Obsessive-compulsive disorder historical perspective

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Editor-In-Chief: C. Michael Gibson, M.S., M.D. [1]; Associate Editor(s)-in-Chief: Priyanka Kumari, M.B.B.S[2] Sonya Gelfand, Abhishek Reddy


Obsessive-compulsive disorder is an anxiety disorder. In obsessive-compulsive disorder people have unwanted and repeated thoughts, feelings, and ideas which are intrusive and unwanted, and are called obsessions. They also display behaviors called compulsions which are also unwanted, and negatively interfere with the sufferers life. The person often carries out these compulsions in order to rid themselves of the obsessive thoughts, but this only provides temporary relief. Not performing the obsessive rituals or tasks can cause the sufferer great anxiety.

Historical Perspective


  • In the 19th century, ideas of what compulsions and personal obsessions were became a main area of study and analysis.[1]
  • The start of the 20th century brought the largest advancement in the study of obsessions and compulsions as more psychiatrists started to link the two symptoms to one another.
  • Sigmund Freud and Pierre Janet were the two most influential people in bringing OCD to the modern level of understanding and diagnosis. Freud’s concept combined the idea of cause and effect, meaning that the obsessions created a need for the compulsions or repetitive behaviors. Janet however, put forth the idea that the cause of the obsessions stemmed from the inability of the person to use a particular type of nervous energy to complete high level of cognitive tasks.
  • The generic term "obsessive compulsive disorder" is not a term that was created in the traditional sense. No one person discovered "obsessive compulsive disorder" rather it was a collective effort of many mental health professionals over a period of many years.

Famous Cases

  • Martin Luther (1483-1546), the first and most important leader of the Protestant Reformation in Europe suffered from OCD.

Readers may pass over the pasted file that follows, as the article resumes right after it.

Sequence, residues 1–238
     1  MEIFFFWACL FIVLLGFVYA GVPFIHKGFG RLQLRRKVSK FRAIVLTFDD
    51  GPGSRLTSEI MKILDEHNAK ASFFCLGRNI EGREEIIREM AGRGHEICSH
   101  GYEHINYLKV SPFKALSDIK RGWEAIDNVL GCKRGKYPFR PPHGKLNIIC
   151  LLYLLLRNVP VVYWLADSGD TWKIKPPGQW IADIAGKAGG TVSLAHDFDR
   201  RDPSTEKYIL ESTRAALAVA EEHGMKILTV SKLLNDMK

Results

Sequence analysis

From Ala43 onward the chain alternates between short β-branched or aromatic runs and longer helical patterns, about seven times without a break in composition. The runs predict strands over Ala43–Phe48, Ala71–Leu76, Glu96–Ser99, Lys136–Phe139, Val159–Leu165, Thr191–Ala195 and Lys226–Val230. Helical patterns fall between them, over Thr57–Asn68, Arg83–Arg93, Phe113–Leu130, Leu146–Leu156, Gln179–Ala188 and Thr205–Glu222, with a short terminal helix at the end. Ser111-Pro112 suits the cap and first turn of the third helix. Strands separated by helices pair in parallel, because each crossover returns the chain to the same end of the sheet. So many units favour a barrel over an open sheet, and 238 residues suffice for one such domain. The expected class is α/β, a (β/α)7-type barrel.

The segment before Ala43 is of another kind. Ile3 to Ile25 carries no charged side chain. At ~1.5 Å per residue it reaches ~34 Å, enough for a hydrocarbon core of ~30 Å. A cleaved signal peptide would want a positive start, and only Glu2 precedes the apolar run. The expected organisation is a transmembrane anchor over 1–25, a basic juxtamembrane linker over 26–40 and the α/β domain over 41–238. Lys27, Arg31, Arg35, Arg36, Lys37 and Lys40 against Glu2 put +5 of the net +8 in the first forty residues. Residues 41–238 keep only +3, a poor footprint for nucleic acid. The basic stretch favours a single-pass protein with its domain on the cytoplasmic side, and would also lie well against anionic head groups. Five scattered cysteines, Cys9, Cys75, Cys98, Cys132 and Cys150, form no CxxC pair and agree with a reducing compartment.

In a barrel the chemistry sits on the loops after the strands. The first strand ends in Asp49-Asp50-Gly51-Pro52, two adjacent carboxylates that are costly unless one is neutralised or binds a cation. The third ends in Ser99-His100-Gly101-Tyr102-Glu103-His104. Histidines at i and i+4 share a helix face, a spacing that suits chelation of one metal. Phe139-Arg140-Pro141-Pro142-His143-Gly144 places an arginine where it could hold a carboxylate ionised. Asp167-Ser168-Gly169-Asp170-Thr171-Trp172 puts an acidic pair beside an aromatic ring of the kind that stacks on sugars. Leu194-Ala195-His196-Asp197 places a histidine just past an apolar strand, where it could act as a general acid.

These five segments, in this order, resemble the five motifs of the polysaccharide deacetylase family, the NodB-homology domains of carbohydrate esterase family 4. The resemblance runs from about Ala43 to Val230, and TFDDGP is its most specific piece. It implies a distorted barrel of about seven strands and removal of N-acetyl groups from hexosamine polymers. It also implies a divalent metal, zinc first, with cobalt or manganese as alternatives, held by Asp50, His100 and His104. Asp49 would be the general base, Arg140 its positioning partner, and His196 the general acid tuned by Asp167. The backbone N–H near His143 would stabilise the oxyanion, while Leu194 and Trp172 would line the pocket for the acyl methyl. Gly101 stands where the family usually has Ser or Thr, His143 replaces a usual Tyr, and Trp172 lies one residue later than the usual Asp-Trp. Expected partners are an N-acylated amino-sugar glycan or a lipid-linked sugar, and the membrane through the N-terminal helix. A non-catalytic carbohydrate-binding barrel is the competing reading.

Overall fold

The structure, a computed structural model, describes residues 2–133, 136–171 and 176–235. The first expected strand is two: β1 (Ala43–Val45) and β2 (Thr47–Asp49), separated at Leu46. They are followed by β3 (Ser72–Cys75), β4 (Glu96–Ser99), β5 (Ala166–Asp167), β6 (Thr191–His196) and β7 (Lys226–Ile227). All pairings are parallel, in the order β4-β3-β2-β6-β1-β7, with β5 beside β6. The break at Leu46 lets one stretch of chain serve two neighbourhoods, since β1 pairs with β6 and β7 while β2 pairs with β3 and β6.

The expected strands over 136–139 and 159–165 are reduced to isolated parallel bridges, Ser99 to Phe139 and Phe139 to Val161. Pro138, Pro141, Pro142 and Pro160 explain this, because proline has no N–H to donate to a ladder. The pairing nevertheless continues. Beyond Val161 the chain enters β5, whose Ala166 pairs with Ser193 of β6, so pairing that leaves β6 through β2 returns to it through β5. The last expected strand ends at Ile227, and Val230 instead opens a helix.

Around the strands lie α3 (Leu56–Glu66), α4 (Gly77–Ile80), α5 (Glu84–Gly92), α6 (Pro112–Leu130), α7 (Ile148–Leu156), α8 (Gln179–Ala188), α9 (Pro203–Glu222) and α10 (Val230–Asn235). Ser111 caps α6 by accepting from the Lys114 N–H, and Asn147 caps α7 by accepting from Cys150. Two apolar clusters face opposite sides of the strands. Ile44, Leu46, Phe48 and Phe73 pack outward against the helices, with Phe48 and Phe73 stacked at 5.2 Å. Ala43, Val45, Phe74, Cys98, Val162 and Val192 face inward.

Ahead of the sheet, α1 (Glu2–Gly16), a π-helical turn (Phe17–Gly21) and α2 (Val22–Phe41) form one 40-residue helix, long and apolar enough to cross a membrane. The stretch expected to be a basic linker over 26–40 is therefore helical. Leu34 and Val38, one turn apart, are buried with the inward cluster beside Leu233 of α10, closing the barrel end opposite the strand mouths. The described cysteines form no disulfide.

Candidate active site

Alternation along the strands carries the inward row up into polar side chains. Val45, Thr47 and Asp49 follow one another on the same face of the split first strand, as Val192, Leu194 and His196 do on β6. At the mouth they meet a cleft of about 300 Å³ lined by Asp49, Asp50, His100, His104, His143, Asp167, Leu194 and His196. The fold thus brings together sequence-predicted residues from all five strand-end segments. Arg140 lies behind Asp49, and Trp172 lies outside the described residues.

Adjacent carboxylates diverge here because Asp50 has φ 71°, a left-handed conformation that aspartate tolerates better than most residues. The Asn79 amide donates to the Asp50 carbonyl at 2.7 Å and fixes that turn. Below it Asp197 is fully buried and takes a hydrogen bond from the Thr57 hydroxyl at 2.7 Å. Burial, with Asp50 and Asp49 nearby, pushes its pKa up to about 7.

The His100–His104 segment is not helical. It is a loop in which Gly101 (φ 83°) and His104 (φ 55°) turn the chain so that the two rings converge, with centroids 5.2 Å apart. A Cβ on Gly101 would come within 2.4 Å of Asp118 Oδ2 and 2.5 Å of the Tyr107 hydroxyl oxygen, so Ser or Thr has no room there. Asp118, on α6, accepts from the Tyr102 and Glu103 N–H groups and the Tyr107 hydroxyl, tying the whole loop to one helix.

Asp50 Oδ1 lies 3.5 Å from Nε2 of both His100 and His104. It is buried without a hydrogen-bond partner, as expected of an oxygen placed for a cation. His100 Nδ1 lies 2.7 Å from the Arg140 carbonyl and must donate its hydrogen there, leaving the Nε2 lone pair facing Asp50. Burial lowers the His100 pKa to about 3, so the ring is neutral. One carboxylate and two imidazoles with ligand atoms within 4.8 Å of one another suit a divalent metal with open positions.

• Dr. Samuel Johnson (1709-1784), accredited with compiling the first dictionary of the English language, suffered from a compulsion of "odd movements".
  • Eminent evolutionist Charles Darwin (1809-1882) is now also a well-known historical figure who suffered from OCD.
  • Howard Hughes (1905 -1976) is perhaps the most famous person known to have suffered with OCD in more recent times. He was the twentieth century American aviator, engineer, industrialist, film producer, film director, philanthropist, and one of the wealthiest people in the world, whose story was told in the 2004 film, "The Aviator".
  • Engineer Nikola Tesla (1856-1943) displayed a number of characteristics that indicate that he suffered from OCD.
  • American Civil War general Thomas "Stonewall" Jackson's (1824-1863) odd behaviors suggest that, despite his prominent achievements, he suffered from OCD.
  • Lawyer Ernst Lanzer (1878-1914) was given the nickname "Rat Man" by Sigmund Freud due to his odd compulsion of having an obsession with nightmarish fantasies about rats.


Historical Perspective


  • There is limited information about the historical perspective of [disease name].


  • [Disease name] was first discovered by [name of scientist], a [nationality + occupation], in [year]/during/following [event].
  • The association between [important risk factor/cause] and [disease name] was made in/during [year/event].
  • In [year], [scientist] was the first to discover the association between [risk factor] and the development of [disease name].
  • In [year], [gene] mutations were first implicated in the pathogenesis of [disease name].

Landmark Events in the Development of Treatment Strategies

Impact on Cultural History

Famous Cases

The following are a few famous cases of [disease name]:


  1. Sources used include Stanford School of Medicine and the National Institute of Mental Health.

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